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George Crocker

Birthplace: Sacramento, Sacramento County, California
Death: December 04, 1909 (53)
at his residence, 1 East 64th Street, New York City, New York (Cancer)
Place of Burial: Oakland, Alameda County, California
Immediate Family:

Son of Charles Crocker and Mary Ann Crocker
Husband of Emma Crocker
Brother of Charles Frederick Crocker; Harriet Valentine "Hattie" Alexander and William Henry Crocker

Managed by: Glen Woodford Balzer
Last Updated:

About George Crocker

George Crocker had come from California. He was born in Sacramento, on February 10, 1856, the youngest of four children of Charles Crocker, a railroad pioneer on the West Coast with Stanford and Huntington. The father died in 1888, and left an estate of $30,000,000. At this time son George was living in San Francisco and was, according to the New York Times, "one of the most reckless young men about town when reckless young men thereabouts were common." George was left $6,000,000, but he was not to come into it until "after the space of five years continuously he shall abstain from the use of spirituous, vinous, and malt liquors to the extent that he shall not during this period have been intoxicated. “George continued his accustomed way of life for the next three years. Then he announced to the executors of his father's estate that he was ready to start his probation. He first went to a sanitarium, and then he took over an unsuccessful ranch near Promontory, Utah. By the end of his probation he had turned the ranch into a valuable property, gained the confidence of the executors and the family, and came into his inheritance.

He moved to New York City and opened an office. His main endeavors were directed to running and expanding many of the businesses in which his father had invested, including banks, railroads, and chemical, sugar, gas, coal, iron, and land companies, he was listed as a capitalist in Who's Who in America. In this vocation, Crocker was successful, for by 1909, he was valued at between ten and twenty million dollars.

In 1894, soon after coming to New York, Crocker married Emma (Hanchette) Rutherford. She was a California widow with three grown children. At their wedding, she was given away by her father, Lewis J. Hanchette. George's brother, C. Frederick Crocker, served as best man. The couple bought a villa in Newport and a town house in New York City at 1 East 64th Street. Mrs. Crocker became a well-known hostess, entertaining lavishly. She moved in the same set as Mrs. Hermann Oelrichs and Mrs. O. H. P. Belmont. The Crockers decided that they should have a country seat outside New York. George had been to the Ramapo Valley a number of times before July 1901. He looked at the Darling property, then for sale, and liked it very much. Crocker could see a mansion on the hill to the east of the River. He called it the finest site for a residence in the country. The Ramsey Journal, hearing rumors of the possible purchase, wrote: "The coming of such a man would mean much to our town."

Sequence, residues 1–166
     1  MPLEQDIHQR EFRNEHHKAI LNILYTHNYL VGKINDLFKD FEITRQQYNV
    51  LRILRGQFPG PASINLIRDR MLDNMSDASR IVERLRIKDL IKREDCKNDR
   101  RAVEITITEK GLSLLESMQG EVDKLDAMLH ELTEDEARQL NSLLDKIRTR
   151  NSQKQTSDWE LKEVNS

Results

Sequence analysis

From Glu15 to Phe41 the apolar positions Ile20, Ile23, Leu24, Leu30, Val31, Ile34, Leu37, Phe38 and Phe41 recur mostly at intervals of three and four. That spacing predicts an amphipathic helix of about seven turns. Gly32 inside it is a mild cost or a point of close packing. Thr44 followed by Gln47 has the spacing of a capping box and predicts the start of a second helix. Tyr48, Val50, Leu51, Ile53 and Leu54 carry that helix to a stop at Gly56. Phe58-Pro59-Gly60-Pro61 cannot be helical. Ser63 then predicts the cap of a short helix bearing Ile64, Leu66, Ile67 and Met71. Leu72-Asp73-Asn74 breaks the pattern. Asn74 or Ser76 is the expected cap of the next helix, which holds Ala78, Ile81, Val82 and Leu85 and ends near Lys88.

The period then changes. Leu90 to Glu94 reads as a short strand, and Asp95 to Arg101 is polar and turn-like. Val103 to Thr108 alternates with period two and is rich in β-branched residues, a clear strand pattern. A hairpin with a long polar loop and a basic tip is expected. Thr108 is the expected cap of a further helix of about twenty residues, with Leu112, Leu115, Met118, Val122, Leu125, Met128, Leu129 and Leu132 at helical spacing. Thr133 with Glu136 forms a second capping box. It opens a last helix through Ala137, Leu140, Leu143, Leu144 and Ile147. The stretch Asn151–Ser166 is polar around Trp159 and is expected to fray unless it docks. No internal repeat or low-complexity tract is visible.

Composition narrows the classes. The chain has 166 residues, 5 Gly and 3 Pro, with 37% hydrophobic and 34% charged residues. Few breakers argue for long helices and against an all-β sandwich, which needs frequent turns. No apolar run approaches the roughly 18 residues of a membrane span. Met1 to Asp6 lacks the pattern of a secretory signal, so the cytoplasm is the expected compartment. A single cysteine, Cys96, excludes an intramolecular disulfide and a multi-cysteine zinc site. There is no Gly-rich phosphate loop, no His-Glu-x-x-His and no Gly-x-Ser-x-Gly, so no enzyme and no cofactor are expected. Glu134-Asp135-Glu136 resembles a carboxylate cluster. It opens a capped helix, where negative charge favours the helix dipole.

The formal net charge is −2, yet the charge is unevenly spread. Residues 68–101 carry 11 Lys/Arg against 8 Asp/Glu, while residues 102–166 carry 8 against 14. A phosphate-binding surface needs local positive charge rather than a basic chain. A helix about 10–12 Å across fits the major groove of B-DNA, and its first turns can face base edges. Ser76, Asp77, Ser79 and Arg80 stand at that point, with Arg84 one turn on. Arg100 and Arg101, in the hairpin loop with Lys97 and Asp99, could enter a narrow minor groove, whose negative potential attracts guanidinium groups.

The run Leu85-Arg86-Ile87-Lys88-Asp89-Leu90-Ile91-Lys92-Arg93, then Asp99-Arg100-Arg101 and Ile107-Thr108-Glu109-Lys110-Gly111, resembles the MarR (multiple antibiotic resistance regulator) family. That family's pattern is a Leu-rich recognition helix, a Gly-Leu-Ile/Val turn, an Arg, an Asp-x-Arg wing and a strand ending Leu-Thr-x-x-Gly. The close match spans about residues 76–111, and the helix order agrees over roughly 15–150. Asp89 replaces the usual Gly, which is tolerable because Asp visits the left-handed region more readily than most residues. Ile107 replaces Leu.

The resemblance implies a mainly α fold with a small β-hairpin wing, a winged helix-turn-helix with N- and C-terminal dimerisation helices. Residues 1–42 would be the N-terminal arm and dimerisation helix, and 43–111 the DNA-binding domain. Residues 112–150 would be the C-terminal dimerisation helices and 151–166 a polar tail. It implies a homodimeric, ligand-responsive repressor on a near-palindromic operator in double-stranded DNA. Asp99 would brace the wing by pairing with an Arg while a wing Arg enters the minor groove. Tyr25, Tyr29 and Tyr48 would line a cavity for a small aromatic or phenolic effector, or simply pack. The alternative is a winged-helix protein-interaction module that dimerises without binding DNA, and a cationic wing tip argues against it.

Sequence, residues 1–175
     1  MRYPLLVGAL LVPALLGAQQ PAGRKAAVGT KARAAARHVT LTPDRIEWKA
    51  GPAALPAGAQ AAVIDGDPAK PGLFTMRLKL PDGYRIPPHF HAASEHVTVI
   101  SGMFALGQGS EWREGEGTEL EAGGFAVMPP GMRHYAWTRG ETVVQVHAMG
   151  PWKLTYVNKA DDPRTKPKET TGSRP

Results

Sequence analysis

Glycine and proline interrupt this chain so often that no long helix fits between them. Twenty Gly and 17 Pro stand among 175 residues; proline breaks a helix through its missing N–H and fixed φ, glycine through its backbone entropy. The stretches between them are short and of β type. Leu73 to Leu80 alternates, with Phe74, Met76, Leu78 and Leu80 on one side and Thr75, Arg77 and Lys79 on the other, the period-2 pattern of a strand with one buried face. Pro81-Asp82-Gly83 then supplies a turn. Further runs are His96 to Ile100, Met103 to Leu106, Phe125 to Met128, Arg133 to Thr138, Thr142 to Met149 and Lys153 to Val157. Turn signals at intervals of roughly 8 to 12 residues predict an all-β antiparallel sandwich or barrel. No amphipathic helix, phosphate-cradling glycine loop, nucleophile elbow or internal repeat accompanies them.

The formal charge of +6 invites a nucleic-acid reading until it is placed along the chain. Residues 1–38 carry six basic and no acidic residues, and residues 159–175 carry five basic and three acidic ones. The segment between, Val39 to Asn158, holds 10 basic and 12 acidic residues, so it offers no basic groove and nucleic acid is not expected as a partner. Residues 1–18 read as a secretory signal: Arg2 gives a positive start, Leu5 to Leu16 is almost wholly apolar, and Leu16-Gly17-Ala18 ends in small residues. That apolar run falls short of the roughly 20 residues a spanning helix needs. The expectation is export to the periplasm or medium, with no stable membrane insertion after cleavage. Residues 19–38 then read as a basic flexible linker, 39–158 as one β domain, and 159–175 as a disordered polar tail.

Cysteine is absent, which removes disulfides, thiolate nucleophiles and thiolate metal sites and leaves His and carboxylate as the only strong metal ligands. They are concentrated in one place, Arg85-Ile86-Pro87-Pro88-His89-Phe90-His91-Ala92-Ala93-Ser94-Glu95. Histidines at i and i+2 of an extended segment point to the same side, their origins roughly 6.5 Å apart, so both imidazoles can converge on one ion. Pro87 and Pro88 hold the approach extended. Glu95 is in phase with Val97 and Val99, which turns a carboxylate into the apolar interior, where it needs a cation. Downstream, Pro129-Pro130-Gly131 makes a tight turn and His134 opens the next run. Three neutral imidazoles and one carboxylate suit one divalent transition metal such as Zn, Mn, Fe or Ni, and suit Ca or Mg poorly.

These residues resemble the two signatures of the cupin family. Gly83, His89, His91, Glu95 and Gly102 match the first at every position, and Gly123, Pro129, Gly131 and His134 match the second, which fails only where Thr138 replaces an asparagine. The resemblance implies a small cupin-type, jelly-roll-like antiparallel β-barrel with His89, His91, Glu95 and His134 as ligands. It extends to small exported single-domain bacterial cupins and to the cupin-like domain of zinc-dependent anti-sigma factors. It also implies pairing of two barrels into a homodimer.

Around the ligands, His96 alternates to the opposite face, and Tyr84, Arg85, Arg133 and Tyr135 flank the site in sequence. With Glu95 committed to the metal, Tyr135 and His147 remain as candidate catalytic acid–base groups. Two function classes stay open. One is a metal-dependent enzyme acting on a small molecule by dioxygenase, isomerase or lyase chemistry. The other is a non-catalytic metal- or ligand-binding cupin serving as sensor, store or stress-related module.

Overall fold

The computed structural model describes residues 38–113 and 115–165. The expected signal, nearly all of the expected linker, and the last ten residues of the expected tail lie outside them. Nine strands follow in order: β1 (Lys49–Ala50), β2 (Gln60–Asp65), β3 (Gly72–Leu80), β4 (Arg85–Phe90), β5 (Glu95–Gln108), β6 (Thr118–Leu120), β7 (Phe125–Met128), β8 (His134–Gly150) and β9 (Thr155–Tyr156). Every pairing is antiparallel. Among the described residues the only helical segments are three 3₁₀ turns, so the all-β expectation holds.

Crocker did buy the Darling estate in November 1901, and he soon had E. Carpenter going through New York, New Jersey, and Massachusetts, buying high-quality horses and cows. Toward the end of December, Carpenter returned from Albany with ten Jerseys. Early the next year he acquired the well-known trotter King Muscovite. By September 1902, several of Crocker's horses had won premiums at the Hohokus Fair. In the spring of 1903, four thousand trout were brought from Plymouth, Massachusetts, for the pond on the property. Bass were added. By the following spring the old Darling racetrack had been put into usable shape for the exercising of Crocker's string of horses. By 1909, there were sixty head of fine Jersey cattle on the estate and a large number of work and carriage horses. There were sheep, chickens, and a kennel. Vines were planted and vegetables were raised. In the spring of 1909, a truck was purchased to bring the farm products to the city.

However, the major effort of Crocker was put into the building of the mansion. It was to be the most magnificent the valley had yet seen. Some people have said that Mr. Crocker, not being accepted in all the social circles that he wished, was determined to express his wealth and taste through this structure. The site was 185 feet above the old Darling home, "situated on the brow of a hill, which slopes off abruptly at the rear, while in front as far as the eye can reach, stretches the historic plains of the beautiful valley of the Ramapo, and in the dim distance can be seen the clove at Suffern. On the left side are the mountains which seem near at hand, but are in reality over a mile distant. At the foot of these silent sentinels, stretches the broad meadows with the rippling waters of the Ramapo river winding in and out."

For his architect Crocker chose James Brite, who had worked for the leading firm of McKim, Mead, and White. Brite decided to model Darlington after Pramshill in Hampshire, England, one of the finest examples of Jacobean architecture whose original sections were built between 1605 and 1612.